Work in Progress, continued

Photos by Greg Benson

The Inn at Penn
opens this month.


34th to 38th Street, North Side–Reclaiming Walnut Street, a Wharton building that looks both ways, restoration at the Law School and a possible new neighbor on Chestnut Street
Downtown University City. The September 1 official opening of the 238-room Inn at Penn marked the completion of Sansom Common, which has become emblematic of Penn’s push to revitalize University City. Besides the guest rooms, which boast an array of high-tech features (including Internet and PennNet access), the hotel includes a restaurant, the Ivy Grille, with an entrance on Walnut Street. Space in the hotel will also be occupied by the Faculty Club, which vacated its former location in Skinner Hall in August.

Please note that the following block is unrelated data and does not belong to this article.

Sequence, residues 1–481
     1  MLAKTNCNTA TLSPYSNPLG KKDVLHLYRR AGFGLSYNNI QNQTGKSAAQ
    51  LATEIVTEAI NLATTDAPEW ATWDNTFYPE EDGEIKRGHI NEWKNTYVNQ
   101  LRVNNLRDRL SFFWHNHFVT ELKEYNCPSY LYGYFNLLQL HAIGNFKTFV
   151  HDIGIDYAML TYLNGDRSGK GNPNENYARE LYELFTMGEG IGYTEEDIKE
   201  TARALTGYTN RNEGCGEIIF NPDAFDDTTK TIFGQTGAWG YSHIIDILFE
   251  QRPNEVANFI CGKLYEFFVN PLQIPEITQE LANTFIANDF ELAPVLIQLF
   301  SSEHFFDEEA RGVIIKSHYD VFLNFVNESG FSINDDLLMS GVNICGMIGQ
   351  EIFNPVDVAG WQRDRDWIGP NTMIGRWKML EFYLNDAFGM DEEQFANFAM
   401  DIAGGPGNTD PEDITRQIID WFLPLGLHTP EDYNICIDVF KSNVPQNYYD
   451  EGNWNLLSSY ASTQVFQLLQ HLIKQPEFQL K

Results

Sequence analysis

Constructed on the site of a former surface parking lot, the $120 million project also includes the Penn Bookstore and an assortment of retail operations. Those opened last summer and fall. The bookstore has become a new landmark on campus, and the plaza along 36th Street a popular gathering place for students, staff and visitors. More outdoor seating has been added on the other side of 36th Street, and a trellis constructed to conceal the loading dock for the Franklin Building Annex.
Sansom Common is also a big step toward "reclaiming" Walnut Street, which Penn effectively "turned its back on" in the 1960s. At the time, Hewryk says, officials were intent on creating a traditional campus core from what had been city streets. Projects like Van Pelt-Dietrich Library and the Annenberg School and Center look inward, with entrances that face Locust Walk.
The Annenberg School, though, is currently completing a $15 million renovation. While the main purpose is to carve out space in what was the school’s auditorium to house the Annenberg Public Policy Center, the project will also create a new entrance and courtyard on Walnut Street. The Center itself will overlook Walnut, from windows cut into the building’s previously blank façade.